Islamabad is and has been the capital of Pakistan since 1963.
Islamabad, as compared to other big to medium-sized cities of Pakistan, has still somewhat maintained its reputation of being a quiet and peaceful city.
The weather is pleasant throughout the year.
The traffic is less, as compared to other cities in Pakistan and is also more organized.
People from almost all provinces live here and are friendly.
The suburbs in Islamabad are the same everywhere.
The size of the houses could be different but the shape and look and feel of the surrounding will be more or less the same.
Warnings & Dangers in Islamabad
OVERALL RISK : MEDIUM
Islamabad is, in general, a safe and calm city. But, with poverty flooding the country, it does have many dangers. Your biggest risks are shootings, bombings, and terrorist attacks.
TRANSPORT & TAXIS RISK : MEDIUM
Tourists are advised to take be extra careful at the airport itself. Avoid all forms of public transportation including taxis and buses: if at all possible, arrange with the people you're staying with to pick you up from the airport.
PICKPOCKETS RISK : LOW
Petty street crime is somewhat of an issue in Islamabad and tourists are strongly advised against carrying valuables with them while on the streets: passports, bank cards, bags, jewelry, laptops, mobile phones, iPads and anything else you can think of should be left at home.
NATURAL DISASTERS RISK : MEDIUM
As for natural disasters, Islamabad is susceptible to a couple of them that have hit in the past, like heatwaves, earthquakes, floods, and tsunamis. Monitor the situation and follow the advice from the authorities.
MUGGING RISK : LOW
Violent crime rates are pretty low in Islamabad when it comes to armed robbery, robbery, carjacking, kidnappings, home invasion, and even murder. Men can walk safely anywhere in Islamabad, while women can too, but they'll often attract the unwanted attention of men. Apart from that, you're safe.
TERRORISM RISK : HIGH
Terrorists are very likely to try and carry out attacks in Islamabad. The biggest threat comes from Tehrik-e Taleban Pakistan, which is an umbrella organization of groups based in the Federally Administered Tribal Areas. TTP carry out attacks throughout Pakistan, and the attacks are usually carried out using Improvised Explosive Devices (IEDs), including suicide attacks.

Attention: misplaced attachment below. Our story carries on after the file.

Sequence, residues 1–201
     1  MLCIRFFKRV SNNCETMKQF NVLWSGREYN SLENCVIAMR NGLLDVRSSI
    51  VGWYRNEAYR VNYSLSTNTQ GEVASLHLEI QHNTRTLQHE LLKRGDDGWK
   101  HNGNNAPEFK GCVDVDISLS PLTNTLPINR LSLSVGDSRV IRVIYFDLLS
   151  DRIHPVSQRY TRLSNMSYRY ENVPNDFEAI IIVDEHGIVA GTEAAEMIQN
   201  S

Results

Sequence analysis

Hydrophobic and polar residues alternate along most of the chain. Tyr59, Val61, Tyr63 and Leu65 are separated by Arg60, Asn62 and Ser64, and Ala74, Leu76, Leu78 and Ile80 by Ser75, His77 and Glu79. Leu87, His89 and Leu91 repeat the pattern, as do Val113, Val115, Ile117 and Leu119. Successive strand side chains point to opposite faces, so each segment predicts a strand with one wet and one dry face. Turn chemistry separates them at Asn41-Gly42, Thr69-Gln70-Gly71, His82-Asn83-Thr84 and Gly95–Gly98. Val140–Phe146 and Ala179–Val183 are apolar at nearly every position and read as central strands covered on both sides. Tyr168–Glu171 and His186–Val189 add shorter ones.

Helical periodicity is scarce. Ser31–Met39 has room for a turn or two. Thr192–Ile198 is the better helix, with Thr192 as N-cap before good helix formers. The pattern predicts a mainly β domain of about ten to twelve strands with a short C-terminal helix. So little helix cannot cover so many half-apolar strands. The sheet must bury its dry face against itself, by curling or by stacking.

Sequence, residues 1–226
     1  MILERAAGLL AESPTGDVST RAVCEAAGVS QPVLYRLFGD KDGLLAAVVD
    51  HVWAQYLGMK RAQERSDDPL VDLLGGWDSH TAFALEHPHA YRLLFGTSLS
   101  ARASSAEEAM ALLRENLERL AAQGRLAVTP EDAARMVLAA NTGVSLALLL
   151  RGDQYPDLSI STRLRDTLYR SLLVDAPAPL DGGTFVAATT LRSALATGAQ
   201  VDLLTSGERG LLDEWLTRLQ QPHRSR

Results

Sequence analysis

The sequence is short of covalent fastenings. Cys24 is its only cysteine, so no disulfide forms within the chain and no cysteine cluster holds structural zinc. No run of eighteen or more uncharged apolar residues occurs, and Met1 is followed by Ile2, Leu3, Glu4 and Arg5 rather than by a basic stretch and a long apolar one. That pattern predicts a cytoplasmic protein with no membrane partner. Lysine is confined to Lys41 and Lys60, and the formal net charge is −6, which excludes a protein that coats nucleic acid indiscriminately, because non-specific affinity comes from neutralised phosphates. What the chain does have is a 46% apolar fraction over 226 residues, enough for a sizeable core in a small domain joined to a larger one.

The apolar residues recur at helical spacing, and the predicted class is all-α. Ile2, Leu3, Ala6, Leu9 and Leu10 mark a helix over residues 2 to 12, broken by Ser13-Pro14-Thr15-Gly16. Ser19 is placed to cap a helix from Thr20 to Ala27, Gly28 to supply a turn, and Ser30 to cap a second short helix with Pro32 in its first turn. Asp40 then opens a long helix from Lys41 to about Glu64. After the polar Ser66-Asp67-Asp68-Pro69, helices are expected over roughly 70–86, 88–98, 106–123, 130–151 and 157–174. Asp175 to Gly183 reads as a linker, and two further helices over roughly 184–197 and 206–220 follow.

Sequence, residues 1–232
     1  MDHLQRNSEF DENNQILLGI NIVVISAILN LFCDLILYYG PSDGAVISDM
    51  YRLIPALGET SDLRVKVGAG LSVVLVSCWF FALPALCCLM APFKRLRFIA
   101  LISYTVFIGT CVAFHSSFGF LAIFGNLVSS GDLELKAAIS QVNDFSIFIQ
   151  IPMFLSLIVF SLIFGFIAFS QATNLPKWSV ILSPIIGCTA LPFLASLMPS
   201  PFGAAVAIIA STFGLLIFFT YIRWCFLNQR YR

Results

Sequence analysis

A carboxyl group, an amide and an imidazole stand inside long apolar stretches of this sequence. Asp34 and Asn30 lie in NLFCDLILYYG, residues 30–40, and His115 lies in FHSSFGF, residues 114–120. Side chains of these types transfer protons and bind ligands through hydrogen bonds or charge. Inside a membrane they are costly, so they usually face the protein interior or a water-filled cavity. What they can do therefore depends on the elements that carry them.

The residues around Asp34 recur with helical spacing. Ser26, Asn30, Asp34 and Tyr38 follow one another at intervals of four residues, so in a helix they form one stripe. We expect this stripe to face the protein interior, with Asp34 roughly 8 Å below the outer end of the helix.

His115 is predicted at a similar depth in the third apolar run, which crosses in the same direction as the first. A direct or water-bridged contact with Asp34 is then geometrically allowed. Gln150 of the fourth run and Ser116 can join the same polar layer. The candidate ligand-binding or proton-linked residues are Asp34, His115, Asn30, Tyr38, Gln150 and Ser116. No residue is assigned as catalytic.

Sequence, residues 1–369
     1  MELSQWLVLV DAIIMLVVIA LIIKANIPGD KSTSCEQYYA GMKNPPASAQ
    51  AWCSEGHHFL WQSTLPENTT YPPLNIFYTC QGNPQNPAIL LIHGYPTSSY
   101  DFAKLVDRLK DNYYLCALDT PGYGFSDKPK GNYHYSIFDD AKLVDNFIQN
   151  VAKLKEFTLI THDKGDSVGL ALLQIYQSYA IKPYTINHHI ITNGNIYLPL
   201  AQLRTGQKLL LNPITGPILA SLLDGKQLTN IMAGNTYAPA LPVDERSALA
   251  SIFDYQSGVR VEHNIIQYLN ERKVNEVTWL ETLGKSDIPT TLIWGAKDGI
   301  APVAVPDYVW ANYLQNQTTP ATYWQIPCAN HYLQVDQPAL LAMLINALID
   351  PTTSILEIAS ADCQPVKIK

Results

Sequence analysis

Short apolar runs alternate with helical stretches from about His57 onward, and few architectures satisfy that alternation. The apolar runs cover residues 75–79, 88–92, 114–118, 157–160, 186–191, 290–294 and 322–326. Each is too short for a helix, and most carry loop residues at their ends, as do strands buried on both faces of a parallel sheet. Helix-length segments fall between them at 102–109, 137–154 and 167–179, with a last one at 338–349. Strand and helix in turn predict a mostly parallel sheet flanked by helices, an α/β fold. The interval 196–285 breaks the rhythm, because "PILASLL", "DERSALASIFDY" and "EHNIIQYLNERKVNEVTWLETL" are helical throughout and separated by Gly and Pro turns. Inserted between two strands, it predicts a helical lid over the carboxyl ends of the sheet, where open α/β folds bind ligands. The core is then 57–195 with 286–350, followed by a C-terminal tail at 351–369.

SCAMS RISK : MEDIUM
There are scammers in Islamabad trying to take advantage of tourists, and the situation with scams is similar as in any other city. Be wary when handling money and of anyone trying to distract you. Taxi drivers might try to trick you into paying more, giving you wrongful information about the price of the ride.
WOMEN TRAVELERS RISK : MEDIUM
Women shouldn't let their guard down in Islamabad. Women walking alone, be it day or night, will attract the unwanted attention of men and passers-by. Apply all precaution measures at all times and avoid dark and empty streets and locations.
So... How Safe Is Islamabad Really?
Though it has been said that Pakistan as a whole is a very dangerous country, it should be noted that Islamabad is rather safe.
The biggest fear for foreigners in Islamabad, when it comes to safety, is because this country has suffered from several bomb attacks during the last couple of years, and they were aimed against security forces, so-called western institutions.
Most recently, there was an explosion at a fruit market on 9 April 2014 and terrorists attacked a court in the F8 on 3 March 2014.
But the reality is quite different and the city is pretty safe.
You can go outside easily during the late midnight hours and can have a walk alone and of course, you can hang out until midnight.
Women that walk the streets alone will attract male attention, especially in areas of the city not often frequented by westerners.
If you visit these parts of the city, its good to be in a group, and avoid dimly lit streets.
Tourists are also strongly advised against visiting political gatherings, as – though it’s a country filled with friendly people – these gatherings might escalate into a protest that can turn violent and in some cases deadly.
- Visas - Most countries do need a visa to enter Islamabad. Some travelers can get a visa on arrival if traveling as part of a group tour, or for business. Make sure your passport is valid for at least six months past your stay in Pakistan. If you are not sure about your visa status, contact your local Pakistani embassy for further information.
- Currency - The Pakistani rupee is the official currency in Islamabad. There are ATMs in Lahore and Islamabad and they accept foreign credit cards. Top-end establishments accept credit cards, but you are advised to bring cash with you.
- Weather - Islamabad climate can be divided into three seasons: winter, which lasts from November to March, which is warm and affected by sea breezes on the coast, summer that lasts from April to July, with extreme temperatures and the monsoon season that lasts from July to September.
- Airports - Islamabad International Airport is the main international airport in Islamabad, Pakistan's capital. It is built 20 km outside the twin cities near the Kashmir Highway and Motorway Interchange.
- Travel Insurance - Just like anywhere else, we advise getting travel insurance when traveling to Islamabad, because it would cover not only medical problems but also theft and loss of valuables.
Islamabad Weather Averages (Temperatures)
Average High/Low Temperature
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